My friend Lisa had mentioned the Festa della Rificolona to me at least a week ago, but I didn't think I'd attend because I knew it was mostly for children. When I went to meet up with my friend Stef, who used to live here, at a parco (park) near Piazza Libertà today, I didn't think I'd be going to the Rificolona. We were joined by her friend and her friend's daughter for dinner near the Duomo and I accompanied them to Piazza Santissima Annunziata.
They had created a lantern in the shape of an elephant to take with them to the Rificolona. They held it on a long stick as we strolled down via dei Servi toward the piazza. A sea of people were walking in the other direction, which worried us: the festivities were supposed to start at 9:45 pm and it was already 10:15 pm. With so many people walking in the opposite direction, we thought maybe they ended early. However, when we arrived in Piazza Santissima Annunziata, we saw large crowds gathered all around and we knew it hadn't yet ended.
To light the little girl's lantern, her mother had to ask around for an accendino (lighter). Within seconds of lighting it, little boys came around to spit clay pellets at it, as is the tradition. It was quite sad to see holes rip through the handmade lantern. I walked around to see what else was going on in the piazza, and got hit a few times by stray clay pellets.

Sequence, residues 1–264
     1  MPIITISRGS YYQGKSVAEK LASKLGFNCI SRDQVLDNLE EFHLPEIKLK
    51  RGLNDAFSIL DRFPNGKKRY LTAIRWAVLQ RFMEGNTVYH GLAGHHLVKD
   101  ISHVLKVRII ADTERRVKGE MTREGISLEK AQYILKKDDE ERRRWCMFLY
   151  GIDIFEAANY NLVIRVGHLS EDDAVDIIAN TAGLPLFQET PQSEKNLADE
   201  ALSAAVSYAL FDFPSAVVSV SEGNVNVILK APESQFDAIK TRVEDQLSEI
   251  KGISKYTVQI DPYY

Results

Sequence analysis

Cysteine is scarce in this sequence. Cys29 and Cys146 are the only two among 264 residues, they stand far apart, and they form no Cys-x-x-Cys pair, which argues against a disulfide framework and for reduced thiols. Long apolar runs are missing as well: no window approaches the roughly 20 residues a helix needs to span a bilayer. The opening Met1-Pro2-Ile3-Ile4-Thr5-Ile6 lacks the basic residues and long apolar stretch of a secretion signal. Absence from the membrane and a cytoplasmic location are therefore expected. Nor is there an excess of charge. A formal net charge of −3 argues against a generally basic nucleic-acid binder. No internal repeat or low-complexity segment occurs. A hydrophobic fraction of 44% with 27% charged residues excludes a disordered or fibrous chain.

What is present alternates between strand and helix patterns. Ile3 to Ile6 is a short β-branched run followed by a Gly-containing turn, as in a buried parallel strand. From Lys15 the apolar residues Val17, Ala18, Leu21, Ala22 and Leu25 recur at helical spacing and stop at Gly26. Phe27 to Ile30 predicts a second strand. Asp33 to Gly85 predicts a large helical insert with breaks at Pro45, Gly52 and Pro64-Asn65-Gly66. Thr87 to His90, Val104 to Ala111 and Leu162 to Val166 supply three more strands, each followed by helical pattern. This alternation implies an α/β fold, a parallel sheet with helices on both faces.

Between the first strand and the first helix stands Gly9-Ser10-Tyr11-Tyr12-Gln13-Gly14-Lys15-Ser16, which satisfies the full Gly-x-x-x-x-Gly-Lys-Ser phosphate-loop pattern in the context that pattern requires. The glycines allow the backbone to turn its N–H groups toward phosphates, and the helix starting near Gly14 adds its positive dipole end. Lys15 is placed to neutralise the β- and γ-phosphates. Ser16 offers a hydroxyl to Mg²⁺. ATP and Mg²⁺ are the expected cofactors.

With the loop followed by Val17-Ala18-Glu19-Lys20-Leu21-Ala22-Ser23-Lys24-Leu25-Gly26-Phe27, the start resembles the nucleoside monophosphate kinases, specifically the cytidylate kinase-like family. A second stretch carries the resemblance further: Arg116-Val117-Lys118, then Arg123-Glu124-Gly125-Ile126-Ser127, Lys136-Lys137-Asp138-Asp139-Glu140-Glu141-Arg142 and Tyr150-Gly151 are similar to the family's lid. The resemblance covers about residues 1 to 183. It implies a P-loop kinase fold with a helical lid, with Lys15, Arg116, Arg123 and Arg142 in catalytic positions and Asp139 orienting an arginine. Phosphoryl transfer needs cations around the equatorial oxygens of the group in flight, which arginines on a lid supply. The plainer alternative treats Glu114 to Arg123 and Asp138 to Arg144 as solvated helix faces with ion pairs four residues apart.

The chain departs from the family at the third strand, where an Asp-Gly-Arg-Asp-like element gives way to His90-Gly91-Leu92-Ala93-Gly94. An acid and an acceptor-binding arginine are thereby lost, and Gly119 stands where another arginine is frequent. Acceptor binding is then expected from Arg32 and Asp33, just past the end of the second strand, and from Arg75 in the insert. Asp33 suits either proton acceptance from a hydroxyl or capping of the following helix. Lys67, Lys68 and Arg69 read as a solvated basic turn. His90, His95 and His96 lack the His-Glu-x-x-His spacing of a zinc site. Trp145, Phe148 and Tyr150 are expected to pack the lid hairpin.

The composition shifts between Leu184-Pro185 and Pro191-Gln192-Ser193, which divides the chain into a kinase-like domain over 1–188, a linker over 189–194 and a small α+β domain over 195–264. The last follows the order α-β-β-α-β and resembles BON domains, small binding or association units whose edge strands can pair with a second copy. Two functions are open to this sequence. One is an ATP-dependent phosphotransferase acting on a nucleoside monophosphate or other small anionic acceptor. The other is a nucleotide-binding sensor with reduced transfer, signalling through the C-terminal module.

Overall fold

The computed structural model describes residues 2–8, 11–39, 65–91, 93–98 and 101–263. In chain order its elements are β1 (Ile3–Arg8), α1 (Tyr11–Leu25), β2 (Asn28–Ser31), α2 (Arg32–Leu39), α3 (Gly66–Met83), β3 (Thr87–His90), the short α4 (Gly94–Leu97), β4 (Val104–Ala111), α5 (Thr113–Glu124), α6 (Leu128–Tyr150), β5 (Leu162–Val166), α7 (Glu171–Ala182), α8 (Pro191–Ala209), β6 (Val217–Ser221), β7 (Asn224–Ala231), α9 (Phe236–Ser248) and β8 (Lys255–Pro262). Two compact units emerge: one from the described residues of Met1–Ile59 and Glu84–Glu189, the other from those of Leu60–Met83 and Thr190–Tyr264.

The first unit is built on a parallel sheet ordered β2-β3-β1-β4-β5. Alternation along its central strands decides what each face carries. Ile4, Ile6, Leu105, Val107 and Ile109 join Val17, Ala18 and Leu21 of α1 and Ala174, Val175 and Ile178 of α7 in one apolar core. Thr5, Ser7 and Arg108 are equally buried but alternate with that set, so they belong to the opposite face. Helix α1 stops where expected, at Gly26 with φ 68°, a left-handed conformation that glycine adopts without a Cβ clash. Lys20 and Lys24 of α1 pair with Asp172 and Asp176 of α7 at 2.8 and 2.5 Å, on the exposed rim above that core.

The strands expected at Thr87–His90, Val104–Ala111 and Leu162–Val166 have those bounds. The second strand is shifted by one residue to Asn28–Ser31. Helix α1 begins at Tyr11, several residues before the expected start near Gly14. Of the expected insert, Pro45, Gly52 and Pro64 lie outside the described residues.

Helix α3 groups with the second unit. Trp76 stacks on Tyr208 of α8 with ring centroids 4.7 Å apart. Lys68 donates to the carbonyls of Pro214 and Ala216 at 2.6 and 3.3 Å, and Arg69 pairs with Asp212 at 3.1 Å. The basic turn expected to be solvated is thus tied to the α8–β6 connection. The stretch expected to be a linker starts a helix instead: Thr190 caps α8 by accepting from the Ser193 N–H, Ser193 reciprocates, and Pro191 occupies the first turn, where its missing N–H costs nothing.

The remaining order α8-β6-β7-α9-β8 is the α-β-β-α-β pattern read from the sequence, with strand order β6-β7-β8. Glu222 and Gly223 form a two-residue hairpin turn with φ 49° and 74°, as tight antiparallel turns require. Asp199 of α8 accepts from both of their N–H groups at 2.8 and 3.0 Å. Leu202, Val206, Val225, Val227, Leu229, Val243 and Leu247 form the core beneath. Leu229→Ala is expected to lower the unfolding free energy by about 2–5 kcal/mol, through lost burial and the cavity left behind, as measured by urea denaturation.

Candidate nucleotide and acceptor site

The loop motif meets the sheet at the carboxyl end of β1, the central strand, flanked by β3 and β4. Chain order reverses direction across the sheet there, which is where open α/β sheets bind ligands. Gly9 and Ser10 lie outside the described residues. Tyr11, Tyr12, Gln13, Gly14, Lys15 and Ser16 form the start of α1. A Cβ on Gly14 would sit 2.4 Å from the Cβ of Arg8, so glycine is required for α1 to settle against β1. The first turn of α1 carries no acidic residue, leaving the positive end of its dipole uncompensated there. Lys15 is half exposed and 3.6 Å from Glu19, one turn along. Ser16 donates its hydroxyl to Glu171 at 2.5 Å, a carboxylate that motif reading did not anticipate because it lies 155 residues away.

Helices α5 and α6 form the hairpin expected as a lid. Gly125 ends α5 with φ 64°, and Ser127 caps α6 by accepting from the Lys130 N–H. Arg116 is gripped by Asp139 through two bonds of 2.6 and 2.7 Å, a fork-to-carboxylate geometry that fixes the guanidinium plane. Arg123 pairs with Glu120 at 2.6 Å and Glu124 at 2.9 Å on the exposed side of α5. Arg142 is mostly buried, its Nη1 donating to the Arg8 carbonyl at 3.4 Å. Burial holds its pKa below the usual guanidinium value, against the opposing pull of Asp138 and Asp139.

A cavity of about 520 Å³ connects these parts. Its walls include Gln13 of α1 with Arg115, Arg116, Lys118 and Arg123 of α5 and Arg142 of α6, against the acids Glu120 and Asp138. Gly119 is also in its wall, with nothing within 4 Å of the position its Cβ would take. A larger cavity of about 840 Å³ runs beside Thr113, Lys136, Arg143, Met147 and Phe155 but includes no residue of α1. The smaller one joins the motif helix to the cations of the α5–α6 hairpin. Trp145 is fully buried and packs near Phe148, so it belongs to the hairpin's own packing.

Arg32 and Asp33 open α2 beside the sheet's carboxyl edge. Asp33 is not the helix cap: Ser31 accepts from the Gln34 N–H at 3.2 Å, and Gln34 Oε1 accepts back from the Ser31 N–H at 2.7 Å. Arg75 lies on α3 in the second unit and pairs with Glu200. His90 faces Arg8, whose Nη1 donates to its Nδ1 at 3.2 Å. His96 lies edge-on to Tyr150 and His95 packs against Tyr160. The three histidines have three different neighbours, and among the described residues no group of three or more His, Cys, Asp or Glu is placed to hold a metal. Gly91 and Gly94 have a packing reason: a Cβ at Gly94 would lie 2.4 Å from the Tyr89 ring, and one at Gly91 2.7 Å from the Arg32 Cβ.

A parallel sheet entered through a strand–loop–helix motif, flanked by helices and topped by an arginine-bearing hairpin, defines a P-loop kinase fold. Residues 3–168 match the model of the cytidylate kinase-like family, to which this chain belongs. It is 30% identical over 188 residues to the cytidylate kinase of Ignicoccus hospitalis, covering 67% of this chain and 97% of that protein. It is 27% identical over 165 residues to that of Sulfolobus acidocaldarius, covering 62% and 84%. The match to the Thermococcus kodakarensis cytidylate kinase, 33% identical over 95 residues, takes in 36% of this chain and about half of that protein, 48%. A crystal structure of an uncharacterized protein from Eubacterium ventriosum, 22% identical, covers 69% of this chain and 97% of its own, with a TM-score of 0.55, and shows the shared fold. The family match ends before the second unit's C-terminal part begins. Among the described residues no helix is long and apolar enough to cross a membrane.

Up under the loggia of the Ospedale degli Innocenti, they were awarding the best lanterns while children watched other lanterns burn to the ground in the piazza.
I hadn't read much about the Festa della Rificolona before going, but the children seem to enjoy it a lot. I overheard people talking to each other and many of them hadn't seen each other since the end of school. I heard people asking, "Come sono andate le vacanze? How did your vacation go?" Still dressed in summer clothes, sporting tans and wearing large smiles, it looked more like a big reunion for the parents and children than anything else.
I walked home alone while the other three stayed longer to enjoy the festa some more. I thought it was interesting to attend, but definitely without a child to accompany, it wouldn't have been much fun. Just to see the little girl's eyes light up when her mother held the lantern up in the air was priceless. Unfortunately, when the clay pellets punctured her lantern, she didn't look as happy.
Next time I'd like to see what goes on in Piazza Santa Croce to commence the festivities, and how they all organize themselves to march to Piazza Santissima Annunziata. It must be quite a spectacle to see.
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